Navigant Research Blog

A Retail Focus on Energy Efficiency and the Clean Power Plan

— May 28, 2015

Frank Stern and David Purcell contributed to this blog.

The U.S. Environmental Protection Agency (EPA) issued its proposed Clean Power Plan (CPP) rule in June 2014 to reduce carbon emissions from existing fossil-fired electric generating units (EGUs) over 25 MW. The rule is primarily focused on coal-fired plants across the United States. Total carbon reductions targeted by the EPA are substantial: the CPP proposes carbon emission reductions totaling 30% relative to 2005 emissions by 2030, with alternative approaches totaling approximately 23% in reductions by 2025. During the public comment period, the proposed rule received nearly 4 million comments from utilities, states, and other stakeholders. The EPA’s final rule is expected sometime this summer.

While the CPP does not propose state-by-state least-cost planning or specifically require energy efficiency (EE) for carbon reduction compliance, states should pursue EE because, as discussed below, EE is recognized by the EPA and numerous states as a highly cost-effective resource and a prudent investment. Reaching the EPA’s Building Block 4 (BB4) 1.5% annual EE savings goal is likely to require a focused effort in many states. A recommended approach to working toward the savings goal is developing an EE retail strategy.

Advantages of Using EE

Using BB4 to reach a portion of states’ CPP requirements is important since:

  • EE is typically a least-cost resource for reducing carbon emissions
  • EE provides positive economic benefits, while reducing carbon emissions
  • EE will decrease energy demand, allowing utilities greater supply-side flexibility to implement other Building Blocks through 2029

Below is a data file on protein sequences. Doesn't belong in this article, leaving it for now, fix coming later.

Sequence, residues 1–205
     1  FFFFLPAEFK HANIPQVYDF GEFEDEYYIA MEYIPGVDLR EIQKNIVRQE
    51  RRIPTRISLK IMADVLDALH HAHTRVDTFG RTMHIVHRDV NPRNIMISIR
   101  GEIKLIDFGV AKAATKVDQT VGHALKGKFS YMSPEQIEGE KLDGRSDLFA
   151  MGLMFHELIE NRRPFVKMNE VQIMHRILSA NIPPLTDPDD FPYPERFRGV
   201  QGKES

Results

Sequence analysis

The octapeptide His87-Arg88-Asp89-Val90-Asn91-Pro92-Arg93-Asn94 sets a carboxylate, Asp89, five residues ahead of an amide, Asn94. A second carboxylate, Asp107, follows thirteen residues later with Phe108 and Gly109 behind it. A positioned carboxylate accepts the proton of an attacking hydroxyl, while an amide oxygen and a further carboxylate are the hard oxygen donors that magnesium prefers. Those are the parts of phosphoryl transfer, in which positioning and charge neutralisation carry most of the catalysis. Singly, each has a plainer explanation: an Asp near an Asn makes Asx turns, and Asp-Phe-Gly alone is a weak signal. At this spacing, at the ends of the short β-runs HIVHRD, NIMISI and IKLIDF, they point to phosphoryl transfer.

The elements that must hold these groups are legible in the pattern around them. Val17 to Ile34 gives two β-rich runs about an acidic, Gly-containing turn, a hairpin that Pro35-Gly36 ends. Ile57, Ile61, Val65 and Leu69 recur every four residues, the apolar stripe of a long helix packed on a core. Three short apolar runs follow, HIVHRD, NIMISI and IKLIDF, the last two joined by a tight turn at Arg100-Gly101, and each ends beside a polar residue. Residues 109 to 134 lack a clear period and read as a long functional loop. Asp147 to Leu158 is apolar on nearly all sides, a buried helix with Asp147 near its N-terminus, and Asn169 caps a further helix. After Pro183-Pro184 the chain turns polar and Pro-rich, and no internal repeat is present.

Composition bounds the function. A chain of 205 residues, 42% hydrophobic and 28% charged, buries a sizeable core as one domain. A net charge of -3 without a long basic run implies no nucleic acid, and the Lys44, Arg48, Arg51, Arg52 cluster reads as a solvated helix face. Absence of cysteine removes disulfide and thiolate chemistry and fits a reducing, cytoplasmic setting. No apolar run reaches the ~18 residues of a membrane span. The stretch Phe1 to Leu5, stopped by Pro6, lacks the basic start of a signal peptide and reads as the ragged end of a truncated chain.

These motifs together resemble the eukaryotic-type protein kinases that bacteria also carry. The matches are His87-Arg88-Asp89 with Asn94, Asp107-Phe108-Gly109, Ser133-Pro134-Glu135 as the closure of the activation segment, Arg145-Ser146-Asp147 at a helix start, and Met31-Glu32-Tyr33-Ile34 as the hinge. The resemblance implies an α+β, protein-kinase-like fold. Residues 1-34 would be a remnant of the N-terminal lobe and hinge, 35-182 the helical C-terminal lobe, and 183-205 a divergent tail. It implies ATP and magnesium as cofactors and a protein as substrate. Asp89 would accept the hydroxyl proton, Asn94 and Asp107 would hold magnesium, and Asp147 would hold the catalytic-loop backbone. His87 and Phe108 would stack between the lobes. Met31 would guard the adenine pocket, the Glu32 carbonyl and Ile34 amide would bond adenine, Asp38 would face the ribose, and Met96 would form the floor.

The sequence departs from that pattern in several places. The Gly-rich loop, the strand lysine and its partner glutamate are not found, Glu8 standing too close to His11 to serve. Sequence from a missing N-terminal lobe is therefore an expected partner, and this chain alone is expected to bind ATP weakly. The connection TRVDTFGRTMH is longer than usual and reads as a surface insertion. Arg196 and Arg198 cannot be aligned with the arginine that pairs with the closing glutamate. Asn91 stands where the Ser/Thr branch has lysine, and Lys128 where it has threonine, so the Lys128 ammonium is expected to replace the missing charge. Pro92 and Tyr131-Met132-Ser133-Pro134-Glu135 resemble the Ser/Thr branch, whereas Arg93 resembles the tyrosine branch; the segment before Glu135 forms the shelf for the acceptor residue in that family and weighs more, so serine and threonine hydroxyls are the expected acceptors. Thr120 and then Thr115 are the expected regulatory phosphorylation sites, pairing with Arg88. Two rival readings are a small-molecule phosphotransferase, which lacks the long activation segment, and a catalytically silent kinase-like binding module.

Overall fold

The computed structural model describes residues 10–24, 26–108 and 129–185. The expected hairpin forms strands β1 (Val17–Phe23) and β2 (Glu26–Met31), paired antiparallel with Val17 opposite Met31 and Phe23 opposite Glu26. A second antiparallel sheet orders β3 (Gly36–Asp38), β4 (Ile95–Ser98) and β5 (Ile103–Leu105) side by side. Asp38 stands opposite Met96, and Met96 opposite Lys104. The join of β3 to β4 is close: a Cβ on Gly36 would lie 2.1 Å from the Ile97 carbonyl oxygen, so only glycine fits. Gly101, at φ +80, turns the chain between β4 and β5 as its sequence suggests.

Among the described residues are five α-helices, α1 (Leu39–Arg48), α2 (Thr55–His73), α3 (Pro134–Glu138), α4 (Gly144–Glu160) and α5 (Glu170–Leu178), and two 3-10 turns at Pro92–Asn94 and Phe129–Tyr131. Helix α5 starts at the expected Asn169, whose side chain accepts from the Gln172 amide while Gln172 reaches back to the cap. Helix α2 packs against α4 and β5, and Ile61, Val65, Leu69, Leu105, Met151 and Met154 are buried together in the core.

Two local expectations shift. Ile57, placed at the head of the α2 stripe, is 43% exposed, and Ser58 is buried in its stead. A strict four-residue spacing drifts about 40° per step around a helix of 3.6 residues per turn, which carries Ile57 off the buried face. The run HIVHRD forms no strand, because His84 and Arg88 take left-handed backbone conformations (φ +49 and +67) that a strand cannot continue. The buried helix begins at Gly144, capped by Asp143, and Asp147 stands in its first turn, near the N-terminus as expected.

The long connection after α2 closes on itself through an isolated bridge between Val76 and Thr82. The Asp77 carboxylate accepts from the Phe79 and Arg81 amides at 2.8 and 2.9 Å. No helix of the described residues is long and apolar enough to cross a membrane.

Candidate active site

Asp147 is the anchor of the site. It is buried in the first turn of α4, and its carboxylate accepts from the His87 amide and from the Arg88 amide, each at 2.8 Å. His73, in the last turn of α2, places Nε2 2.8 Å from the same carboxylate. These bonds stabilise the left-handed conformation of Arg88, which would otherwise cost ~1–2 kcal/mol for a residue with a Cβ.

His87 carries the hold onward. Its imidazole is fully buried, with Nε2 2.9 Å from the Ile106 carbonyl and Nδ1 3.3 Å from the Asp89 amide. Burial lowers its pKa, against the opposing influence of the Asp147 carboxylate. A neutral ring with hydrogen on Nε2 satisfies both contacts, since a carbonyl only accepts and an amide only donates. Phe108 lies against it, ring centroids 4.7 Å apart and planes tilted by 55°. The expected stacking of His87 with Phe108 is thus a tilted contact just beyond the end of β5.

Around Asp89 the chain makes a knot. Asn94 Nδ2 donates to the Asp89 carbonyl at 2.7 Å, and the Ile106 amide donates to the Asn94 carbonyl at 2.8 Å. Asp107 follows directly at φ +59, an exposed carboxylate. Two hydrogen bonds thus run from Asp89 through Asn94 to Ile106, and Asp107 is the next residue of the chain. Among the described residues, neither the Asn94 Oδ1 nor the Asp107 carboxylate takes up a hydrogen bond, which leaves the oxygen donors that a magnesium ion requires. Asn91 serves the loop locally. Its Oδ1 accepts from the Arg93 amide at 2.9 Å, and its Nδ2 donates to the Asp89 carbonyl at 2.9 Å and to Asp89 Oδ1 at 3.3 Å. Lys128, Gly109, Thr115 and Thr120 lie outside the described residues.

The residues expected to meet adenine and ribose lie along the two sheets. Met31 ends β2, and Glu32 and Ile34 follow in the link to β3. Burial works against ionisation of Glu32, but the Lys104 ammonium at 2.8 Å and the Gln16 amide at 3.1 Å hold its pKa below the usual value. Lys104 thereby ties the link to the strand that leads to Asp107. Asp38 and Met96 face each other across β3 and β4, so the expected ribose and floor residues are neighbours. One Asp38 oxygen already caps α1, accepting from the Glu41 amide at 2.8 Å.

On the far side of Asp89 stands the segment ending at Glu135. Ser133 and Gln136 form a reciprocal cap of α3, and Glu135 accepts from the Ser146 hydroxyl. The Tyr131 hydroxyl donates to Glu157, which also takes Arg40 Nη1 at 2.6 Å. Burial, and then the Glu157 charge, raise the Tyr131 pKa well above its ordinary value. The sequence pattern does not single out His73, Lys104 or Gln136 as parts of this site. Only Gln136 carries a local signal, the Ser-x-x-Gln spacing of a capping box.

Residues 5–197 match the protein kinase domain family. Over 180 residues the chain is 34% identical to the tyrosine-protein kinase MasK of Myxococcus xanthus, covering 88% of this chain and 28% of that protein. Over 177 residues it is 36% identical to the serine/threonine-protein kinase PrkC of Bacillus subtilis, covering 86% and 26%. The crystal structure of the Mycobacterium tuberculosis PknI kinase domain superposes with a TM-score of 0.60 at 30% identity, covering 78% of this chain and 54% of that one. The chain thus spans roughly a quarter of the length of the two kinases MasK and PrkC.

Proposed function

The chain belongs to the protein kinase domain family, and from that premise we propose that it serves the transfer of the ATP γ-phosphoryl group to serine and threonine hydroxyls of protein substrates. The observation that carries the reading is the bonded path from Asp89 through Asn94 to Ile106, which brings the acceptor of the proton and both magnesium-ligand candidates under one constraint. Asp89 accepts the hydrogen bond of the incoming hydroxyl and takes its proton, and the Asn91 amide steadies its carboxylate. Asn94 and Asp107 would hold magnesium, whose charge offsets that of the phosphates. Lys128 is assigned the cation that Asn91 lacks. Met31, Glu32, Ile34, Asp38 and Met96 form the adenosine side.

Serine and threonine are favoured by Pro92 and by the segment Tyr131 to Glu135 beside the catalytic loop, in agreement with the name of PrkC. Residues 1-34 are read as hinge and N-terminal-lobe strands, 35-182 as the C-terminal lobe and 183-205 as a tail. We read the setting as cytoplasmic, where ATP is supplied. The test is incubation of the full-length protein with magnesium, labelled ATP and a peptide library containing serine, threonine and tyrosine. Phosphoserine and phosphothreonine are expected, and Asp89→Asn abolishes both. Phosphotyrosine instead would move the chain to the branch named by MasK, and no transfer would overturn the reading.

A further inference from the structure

Considerations in Meeting BB4 EE Savings Targets

States with larger utility EE portfolios and growing programs are likely to meet BB4 goals more easily than states with less developed programs and low annual savings. Existing EE portfolios could require increasing EE measure incentive levels to drive participation. Rather than relying only on existing portfolios, it is more likely that all regions of a state and its utilities (including munis and co-ops) should be involved in reaching the BB4 goal.

The figure below shows that states that have undertaken EE program development have growing EE portfolio savings near 1.5% and have higher first-year costs than other states. Many states have not undertaken EE initiatives for extended periods and resulting incentive levels are low in comparison.

 Southeast Incremental Savings vs. First Year Cost of Savings: 2011

Southeast Incremental Savings

      (Source: Navigant Analysis)

While the CPP compliance period does not begin until 2020, states and utilities should consider increased BB4 efforts today to gain momentum toward the 1.5% savings goal. Potential studies can be used to determine maximum achievable EE savings. Such studies can reveal the range of electricity savings and benefits expected over time. In determining EE’s role in reaching CPP goals, states and utilities should assess EE potential to decide how to approach developing BB4 savings.

Central to an EE retail approach is understanding and using potential studies, benefit/cost analyses, and evaluations of EE portfolios to gain an understanding of the benefits and challenges of expanding EE portfolios. Designing and implementing EE programs with proper financial incentives and cost recovery mechanisms can lead to positive net benefits for utilities, customers, and regional economies.

Initiatives, Policies, and Programs

There are a number of approaches to support development of EE initiatives at a utility or in a state to meet the EPA goals. Some initiatives include:

  • Establish energy savings targets within a company or at the state level
  • Assess state performance incentives and cost-recovery mechanisms that move EE toward being equal to other supply-side resources
  • Integrate EE into the resource planning process in regulated markets– incorporate EE into electric integrated resource planning as an equal resource option to generation
  • Require stringent evaluation, measurement and verification of EE programs

State policies should be assessed to create proper incentives and foster growth. Cost recovery as the sole incentive to implement EE portfolios is insufficient to foster savings. Financial incentives and policies that place EE on similar or equal footing to supply-side resources is needed for utilities to actively move toward the 1.5% target.

 

Submarine Cable Project to Link Canada, New York

— May 26, 2015